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Scott McGlinchey's Fishing Report

Smallmouth Has Won Tournaments, But Expect Largemouth to Comeback

Published on May 27, 2023

Kentucky and Barkley Lakes are both fishing really well for all species of fish. While the first day of summer is a month away, under the water and on land it feels like summer to the fish and animals.

The spawn is over for largemouth and smallmouth but the bluegills and catfish are spawning now. If you can get your side imaging working in shallow water you can find the bluegill beds. Catfish like to spawn around rocks - the bigger the better. Find the right rocks in the right place and you can catch hundreds of pounds of catfish.

Now that the bass are done spawning you can look for them in deeper water near points of any kind, or better yet, an offshore ledge. Main lake points and secondary points can be good anytime on Barkley or Kentucky Lake but my favorite way to catch them is on an offshore ledge.

I learned a lot when I worked as a shell diver because I was crawling the bottom on ledges in the Tennessee and Coosa River system and lakes, some of which were the best bass lakes in the country. Because Kentucky and Barkley Lakes have so many ledges and many different types, you can catch fish from them year around.

Typically when summer arrives and the spawn is over largemouth bass will arrive on ledges closest to shore first and then on ledges near or on the main river channel.

My favorite baits for fishing offshore are a 10 inch worm, wobble head, deep crankbait, one ounce spinner bait single blade willow leaf, Carolina rig, and sometimes a finesse bait. My favorite colors are white, shad/Tennessee shad, green pumpkin green, black, and chartreuse.

I look for bass in 9 feet down to 30 feet of water. Some ledges can really turn on when there is a significant amount of water being released through the dam for flood control or for power generation. Ledges in creek arms are not affected by current as much as ledges on the main lake.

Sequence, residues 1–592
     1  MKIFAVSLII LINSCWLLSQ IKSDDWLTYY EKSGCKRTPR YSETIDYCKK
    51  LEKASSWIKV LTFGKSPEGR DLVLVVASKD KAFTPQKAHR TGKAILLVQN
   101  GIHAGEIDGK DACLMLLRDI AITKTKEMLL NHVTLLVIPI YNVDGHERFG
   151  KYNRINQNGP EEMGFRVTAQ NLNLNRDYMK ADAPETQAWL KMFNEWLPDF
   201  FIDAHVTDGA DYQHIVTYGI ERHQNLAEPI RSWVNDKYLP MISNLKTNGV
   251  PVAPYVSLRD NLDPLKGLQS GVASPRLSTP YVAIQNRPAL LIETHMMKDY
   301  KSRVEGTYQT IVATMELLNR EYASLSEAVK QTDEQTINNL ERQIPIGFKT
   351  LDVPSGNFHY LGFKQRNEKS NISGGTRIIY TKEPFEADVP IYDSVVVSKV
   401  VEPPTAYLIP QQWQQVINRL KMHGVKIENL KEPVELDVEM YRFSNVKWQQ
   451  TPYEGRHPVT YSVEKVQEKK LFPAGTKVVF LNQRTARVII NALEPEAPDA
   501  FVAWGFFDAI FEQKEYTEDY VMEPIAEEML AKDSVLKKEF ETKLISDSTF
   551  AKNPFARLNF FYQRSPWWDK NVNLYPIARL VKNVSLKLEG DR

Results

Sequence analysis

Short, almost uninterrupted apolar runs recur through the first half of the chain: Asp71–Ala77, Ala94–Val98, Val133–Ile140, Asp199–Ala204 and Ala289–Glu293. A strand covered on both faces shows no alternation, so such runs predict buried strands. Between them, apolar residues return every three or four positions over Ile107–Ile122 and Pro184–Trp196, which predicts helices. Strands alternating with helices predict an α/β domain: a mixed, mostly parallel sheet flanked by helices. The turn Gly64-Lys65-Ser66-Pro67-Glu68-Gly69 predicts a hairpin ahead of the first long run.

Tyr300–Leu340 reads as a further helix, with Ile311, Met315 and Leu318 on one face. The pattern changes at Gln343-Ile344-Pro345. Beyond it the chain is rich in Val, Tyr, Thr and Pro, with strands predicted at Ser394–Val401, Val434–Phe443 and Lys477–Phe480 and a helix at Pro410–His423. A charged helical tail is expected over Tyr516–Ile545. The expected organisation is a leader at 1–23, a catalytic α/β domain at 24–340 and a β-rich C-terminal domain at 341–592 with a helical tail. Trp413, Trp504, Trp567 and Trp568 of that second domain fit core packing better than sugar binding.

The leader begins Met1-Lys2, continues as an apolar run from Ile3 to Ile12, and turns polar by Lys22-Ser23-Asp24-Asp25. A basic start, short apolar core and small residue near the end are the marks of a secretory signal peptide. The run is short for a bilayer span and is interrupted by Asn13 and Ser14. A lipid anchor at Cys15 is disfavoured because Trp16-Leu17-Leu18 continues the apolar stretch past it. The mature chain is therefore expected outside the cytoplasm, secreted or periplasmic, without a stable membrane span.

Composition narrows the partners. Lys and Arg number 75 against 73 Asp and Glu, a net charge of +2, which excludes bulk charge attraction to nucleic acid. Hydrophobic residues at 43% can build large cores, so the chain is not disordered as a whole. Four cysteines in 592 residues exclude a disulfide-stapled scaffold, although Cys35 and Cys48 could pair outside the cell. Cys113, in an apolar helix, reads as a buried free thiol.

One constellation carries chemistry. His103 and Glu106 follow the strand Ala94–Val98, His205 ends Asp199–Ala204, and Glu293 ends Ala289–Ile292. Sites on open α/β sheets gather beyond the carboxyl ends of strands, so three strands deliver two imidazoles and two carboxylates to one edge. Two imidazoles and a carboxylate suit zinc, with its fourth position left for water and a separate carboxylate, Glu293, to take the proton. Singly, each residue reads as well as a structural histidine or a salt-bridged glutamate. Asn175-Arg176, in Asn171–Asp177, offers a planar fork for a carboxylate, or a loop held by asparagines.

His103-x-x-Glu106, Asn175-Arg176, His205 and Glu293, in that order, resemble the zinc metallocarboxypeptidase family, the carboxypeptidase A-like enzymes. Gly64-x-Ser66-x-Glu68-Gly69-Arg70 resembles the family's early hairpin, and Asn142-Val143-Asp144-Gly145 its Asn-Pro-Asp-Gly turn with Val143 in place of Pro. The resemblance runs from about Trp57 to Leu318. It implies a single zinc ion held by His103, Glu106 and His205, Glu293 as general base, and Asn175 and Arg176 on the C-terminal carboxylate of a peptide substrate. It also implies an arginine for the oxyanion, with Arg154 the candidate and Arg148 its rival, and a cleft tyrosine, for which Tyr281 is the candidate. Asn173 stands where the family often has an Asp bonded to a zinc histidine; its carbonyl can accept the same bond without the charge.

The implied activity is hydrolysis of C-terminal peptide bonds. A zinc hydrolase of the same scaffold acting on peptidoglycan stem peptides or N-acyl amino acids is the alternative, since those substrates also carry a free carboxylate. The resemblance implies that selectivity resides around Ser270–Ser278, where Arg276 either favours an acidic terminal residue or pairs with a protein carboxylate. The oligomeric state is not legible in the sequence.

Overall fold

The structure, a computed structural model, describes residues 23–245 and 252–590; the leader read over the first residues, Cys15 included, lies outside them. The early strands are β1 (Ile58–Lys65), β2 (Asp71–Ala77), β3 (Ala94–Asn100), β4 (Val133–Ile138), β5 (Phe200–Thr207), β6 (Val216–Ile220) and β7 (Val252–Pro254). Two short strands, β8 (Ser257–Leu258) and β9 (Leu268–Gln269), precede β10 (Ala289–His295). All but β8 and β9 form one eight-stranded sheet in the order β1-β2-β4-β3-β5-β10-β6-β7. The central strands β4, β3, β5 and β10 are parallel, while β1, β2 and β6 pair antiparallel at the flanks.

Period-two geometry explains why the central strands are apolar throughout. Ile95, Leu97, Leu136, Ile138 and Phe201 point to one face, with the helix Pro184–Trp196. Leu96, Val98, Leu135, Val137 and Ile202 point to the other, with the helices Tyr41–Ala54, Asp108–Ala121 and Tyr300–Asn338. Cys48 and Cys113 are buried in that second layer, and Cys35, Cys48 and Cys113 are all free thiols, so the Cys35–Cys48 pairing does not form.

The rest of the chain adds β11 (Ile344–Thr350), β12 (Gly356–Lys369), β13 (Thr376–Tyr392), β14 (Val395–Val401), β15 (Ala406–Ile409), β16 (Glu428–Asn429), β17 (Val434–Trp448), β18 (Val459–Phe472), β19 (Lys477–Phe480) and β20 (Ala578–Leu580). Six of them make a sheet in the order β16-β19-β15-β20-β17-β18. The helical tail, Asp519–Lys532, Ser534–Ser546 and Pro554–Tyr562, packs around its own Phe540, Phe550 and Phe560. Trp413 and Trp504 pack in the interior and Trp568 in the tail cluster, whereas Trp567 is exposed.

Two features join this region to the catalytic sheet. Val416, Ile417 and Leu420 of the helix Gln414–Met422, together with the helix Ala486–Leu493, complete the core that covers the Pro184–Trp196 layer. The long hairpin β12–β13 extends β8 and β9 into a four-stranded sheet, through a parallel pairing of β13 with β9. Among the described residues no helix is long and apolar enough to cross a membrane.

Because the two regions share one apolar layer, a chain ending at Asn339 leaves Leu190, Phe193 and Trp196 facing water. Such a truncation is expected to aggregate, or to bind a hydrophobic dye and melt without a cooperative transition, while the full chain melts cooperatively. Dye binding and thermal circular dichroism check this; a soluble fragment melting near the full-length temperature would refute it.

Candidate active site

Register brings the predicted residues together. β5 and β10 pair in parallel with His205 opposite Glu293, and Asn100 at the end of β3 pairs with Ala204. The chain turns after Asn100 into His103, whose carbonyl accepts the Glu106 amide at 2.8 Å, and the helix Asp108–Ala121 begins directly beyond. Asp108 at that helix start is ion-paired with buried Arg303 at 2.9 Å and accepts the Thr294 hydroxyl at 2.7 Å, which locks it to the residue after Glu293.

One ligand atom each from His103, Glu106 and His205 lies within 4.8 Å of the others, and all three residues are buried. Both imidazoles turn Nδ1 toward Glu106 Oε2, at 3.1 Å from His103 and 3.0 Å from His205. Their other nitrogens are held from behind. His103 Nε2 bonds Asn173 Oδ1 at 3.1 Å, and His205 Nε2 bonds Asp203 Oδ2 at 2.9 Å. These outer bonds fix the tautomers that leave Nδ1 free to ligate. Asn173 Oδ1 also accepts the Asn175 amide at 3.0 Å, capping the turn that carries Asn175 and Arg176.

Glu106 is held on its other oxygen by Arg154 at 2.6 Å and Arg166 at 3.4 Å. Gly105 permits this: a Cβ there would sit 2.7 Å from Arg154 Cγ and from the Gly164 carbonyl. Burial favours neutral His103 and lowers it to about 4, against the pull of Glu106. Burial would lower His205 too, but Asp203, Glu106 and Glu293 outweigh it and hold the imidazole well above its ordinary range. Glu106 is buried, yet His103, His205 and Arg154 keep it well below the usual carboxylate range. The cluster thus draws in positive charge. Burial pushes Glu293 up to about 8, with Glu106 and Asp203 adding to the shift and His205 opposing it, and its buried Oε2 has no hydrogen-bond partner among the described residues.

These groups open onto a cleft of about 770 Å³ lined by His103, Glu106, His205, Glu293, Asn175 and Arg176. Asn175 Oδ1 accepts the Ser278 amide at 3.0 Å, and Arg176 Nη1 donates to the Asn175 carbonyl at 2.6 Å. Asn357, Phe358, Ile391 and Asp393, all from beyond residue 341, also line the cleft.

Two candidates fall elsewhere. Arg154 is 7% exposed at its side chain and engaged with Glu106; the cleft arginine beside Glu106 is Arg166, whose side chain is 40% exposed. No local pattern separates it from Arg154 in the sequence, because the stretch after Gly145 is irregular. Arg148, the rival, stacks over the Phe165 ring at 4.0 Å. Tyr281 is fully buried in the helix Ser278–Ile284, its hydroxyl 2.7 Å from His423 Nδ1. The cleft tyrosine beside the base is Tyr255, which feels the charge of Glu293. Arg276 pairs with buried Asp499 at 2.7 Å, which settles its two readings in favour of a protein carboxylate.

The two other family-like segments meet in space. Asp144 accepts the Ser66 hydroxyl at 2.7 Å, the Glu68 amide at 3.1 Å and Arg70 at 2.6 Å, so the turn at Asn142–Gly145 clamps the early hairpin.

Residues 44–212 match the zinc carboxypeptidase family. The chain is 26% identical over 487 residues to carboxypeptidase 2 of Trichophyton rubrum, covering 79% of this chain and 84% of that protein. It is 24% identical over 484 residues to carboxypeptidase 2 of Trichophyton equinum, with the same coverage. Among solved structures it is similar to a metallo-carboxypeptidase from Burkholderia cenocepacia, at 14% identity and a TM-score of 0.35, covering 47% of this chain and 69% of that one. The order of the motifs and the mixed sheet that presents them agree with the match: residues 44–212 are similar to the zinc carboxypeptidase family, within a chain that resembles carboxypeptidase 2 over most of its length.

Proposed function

This year the smallmouth bass was what was needed to win spring tournaments but I predict that Largemouth bass caught from offshore ledges will be the fish to win as the summer progresses. I have already caught some nice largemouth on first arrival ledges using a 10 inch plum worm, 20 foot crankbait, and on a wobble head.

There are largemouth that are still prowling the shallows and some will stay shallow all summer. These shallow bass bite best in the early morning or late evening. For these shallow fish I like to use a buzzbait or a weightless soft plastic jerkbait or trick worm.

Last summer the ledge fishing was good and I found bass on a few of the old river ledges that have been void of bass for the last 4 or 5 years. I hit some small groups of quality bass that were biting nearly every other cast and were still biting when I left. That doesn't happen everyday but it was sure nice to see the bass group up on a river ledge again.

There was a spot at the mouth of a bay last year that had bass on it everyday for a few weeks or more. So fishing for offshore largemouth bass should be better this year than 2022.

One of the best things that could happen to Kentucky Lake is for submerged weeds to grow here again. A surface acre of submerged milfoil will hold 4 times more bass than areas that have no grass.

Having submerged milfoil will also make the lake a lot better for catching bass as it gives the bass a place to hunt and ambush bait. Submerged grass can be transplanted from one lake to another. The grass makes the fishing better and serves as a huge erosion control blanket.

Make time to get out and fish this summer come to Kentucky and Barkley Lakes as the fishing has been really good!

Scott McGlinchey's Bio

Owner of Shelldiver Guide Service in Dexter, Ky., Scott specializes in largemouth bass fishing on Kentucky Lake. In addition to teaching new techniques for clients, Scott also helps prepare tournament anglers. He's got 30 years of fishing experience and frequently posts photos of catches and underwater shellbeds on his Facebook page. Search for Shelldiver Guide Service on Facebook.

Scott's report covers both Kentucky Lake and Lake Barkley.

Scott McGlinchey
Shelldiver Guide Service

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